Rating: 3.69 out of 5


Awakenings Description:

i Awakenings i which inspired the major motion picture is the remarkable story of a group of patients who contracted sleeping sickness during the great epidemic just after World War I Frozen for decades in a trance like state these men and women were given up as hopeless until when Dr Oliver Sacks gave them the then new drug L DOPA which had an astonishing explosive awakening effect Dr Sacks recounts the moving case histories of his patients their lives and the extraordinary transformations which went with their reintroduction to a changed world

Rating: 3.70 out of 5

The Mind's Eye

The Mind's Eye Description:

In Musicophilia Oliver Sacks explored music and the brain now in The Mind s Eye he writes about the myriad ways in which we experience the visual world how we see in three dimensions how we recognize individual faces or places how we use language to communicate verbally how we translate marks on paper into words and paragraphs and even how we represent the world internally when our eyes are closed Alongside remarkable stories of people who have lost these abilities but adapted with courage resilience and ingenuity there is an added personal element one day in late Sacks became aware of a dazzling flashing light in one part of his visual field it was not the familiar migraine aura he had experienced since childhood and just two days later a malignant tumor in one eye was diagnosed In subsequent journal entries some of which are included in The Mind s Eye he chronicled the experience of living with cancer recording both the effects of the tumor itself and radiation therapy In turning himself into a case history Sacks has given us perhaps his most intimate impressive and insightful no pun intended book yet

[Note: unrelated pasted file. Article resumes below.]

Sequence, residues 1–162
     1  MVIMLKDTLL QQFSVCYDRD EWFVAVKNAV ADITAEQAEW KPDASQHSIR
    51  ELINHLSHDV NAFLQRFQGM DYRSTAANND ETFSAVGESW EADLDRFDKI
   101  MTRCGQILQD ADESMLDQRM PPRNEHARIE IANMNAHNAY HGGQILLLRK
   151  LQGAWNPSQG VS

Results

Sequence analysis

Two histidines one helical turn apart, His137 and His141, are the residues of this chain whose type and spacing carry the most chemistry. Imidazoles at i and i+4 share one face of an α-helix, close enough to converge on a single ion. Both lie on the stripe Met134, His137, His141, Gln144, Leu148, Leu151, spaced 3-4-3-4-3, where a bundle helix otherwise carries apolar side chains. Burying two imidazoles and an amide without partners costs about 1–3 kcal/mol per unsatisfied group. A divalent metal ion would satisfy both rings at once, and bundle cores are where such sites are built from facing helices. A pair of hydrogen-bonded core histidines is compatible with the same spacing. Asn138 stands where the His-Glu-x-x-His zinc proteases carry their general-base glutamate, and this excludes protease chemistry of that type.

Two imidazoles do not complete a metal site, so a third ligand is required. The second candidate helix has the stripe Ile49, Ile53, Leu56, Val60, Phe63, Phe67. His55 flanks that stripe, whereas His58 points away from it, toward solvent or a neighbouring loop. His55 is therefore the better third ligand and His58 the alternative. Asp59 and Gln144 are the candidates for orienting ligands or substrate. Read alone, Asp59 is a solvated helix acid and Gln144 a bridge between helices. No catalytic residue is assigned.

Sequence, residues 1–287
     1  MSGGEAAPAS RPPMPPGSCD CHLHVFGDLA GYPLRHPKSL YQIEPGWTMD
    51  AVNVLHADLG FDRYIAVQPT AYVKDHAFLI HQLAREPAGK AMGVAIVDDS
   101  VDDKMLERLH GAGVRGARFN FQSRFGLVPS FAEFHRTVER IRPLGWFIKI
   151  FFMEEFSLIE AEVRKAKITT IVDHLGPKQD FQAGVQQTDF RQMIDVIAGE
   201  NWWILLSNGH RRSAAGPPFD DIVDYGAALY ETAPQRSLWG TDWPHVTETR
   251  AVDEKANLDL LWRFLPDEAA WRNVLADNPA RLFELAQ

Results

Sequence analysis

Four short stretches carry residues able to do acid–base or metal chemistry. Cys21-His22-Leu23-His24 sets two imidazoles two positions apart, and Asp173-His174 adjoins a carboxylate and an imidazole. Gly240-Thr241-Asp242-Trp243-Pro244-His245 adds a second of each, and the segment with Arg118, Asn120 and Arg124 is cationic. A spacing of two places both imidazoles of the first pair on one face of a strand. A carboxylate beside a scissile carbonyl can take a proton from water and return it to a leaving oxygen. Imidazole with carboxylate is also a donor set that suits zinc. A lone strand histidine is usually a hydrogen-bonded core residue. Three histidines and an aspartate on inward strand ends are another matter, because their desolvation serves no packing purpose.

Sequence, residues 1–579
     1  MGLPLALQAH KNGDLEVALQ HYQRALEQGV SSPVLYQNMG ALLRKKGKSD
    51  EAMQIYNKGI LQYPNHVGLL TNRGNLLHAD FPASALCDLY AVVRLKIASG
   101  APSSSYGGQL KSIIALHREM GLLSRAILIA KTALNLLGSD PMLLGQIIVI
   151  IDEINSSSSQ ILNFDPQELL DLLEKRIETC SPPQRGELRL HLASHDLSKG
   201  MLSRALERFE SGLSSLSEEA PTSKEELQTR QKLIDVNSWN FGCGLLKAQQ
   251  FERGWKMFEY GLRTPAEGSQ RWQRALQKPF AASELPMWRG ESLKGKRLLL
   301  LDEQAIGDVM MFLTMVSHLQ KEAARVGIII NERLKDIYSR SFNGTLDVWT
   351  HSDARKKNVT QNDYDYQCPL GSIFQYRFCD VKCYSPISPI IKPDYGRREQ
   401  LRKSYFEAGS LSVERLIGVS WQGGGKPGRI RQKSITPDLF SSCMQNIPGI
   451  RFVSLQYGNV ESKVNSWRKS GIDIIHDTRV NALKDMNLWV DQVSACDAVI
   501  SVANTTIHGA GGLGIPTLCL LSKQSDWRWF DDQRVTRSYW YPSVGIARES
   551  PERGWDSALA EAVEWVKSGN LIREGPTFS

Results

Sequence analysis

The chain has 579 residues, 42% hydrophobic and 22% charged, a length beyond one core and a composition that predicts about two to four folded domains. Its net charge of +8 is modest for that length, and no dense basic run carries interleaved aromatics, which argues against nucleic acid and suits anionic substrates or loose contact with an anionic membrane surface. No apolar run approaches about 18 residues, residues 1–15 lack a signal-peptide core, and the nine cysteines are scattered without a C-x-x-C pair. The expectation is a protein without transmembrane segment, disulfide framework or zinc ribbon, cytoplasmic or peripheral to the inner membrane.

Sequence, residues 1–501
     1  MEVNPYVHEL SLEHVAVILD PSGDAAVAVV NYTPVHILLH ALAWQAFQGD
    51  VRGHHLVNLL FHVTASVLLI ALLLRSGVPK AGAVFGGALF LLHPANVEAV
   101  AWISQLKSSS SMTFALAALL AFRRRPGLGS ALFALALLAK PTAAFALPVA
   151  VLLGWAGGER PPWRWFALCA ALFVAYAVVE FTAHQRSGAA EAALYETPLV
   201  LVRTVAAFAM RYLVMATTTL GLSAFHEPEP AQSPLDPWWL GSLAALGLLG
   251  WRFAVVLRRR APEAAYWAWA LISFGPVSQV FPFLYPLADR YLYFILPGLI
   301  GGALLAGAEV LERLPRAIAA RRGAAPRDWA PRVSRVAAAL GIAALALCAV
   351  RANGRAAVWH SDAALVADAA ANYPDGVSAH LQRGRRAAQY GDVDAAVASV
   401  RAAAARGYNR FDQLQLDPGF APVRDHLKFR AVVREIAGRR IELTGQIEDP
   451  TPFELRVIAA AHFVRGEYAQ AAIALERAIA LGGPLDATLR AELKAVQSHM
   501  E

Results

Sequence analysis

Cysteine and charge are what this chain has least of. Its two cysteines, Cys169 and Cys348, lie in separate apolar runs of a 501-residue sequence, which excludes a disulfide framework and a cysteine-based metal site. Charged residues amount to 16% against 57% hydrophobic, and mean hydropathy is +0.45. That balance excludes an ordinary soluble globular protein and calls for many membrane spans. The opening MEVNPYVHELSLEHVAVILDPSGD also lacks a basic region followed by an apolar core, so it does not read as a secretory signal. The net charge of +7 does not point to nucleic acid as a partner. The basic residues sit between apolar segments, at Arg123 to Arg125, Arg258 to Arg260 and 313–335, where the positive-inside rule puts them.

Rating: 3.57 out of 5


Gratitude Description:

A deeply moving testimony and celebration of how to embrace life br br In January Oliver Sacks was diagnosed with a recurrence of cancer and he shared this news in a i New York Times i essay that inspired readers all over the world I cannot pretend I am without fear But my predominant feeling is one of gratitude Above all I have been a sentient being a thinking animal on this beautiful planet and that in itself has been an enormous privilege and adventure br i Gratitude i consists of four essays that originally appeared in i The New York Times i accompanied by a foreword that describes the occasion of each chapter The foreword is written by Billy Hayes Oliver Sacks s partner and Kate Edgar his long time collaborator

Rating: 3.72 out of 5

Uncle Tungsten

Uncle Tungsten Description:

In Uncle Tungsten Sacks evokes with warmth and wit his upbringing in wartime England He tells of the large science steeped family who fostered his early fascination with chemistry There follow his years at boarding school where though unhappy he developed the intellectual curiosity that would shape his later life And we hear of his return to London an emotionally bereft ten year old who found solace in his passion for learning Uncle Tungsten radiates all the delight and wonder of a boy s adventures and is an unforgettable portrait of an extraordinary young mind br If you did not think that gallium and iridium could move you this superb book will change your mind The Times br The amalgamation of personal recollection and scientific history makes a luminous inspiring book Sunday Telegraph br Uncle Tungsten is really about the raw joy of scientific understanding what it is like to be a precocious child discovering the alchemical secrets of reality for the first time the sheer thrill of finding intelligible patterns in nature Guardian

Rating: 3.72 out of 5

Seeing Voices

Seeing Voices Description:

Like b The Man Who Mistook His Wife for a Hat b this is a fascinating voyage into a strange and wonderful land a provocative meditation on communication biology adaptation and culture In b Seeing Voices b Oliver Sacks turns his attention to the subject of deafness and the result is a deeply felt portrait of a minority struggling for recognition and respect a minority with its own rich sometimes astonishing culture and unique visual language an extraordinary mode of communication that tells us much about the basis of language in hearing people as well b Seeing Voices b is as Studs Terkel has written an exquisite as well as revelatory work

Rating: 3.66 out of 5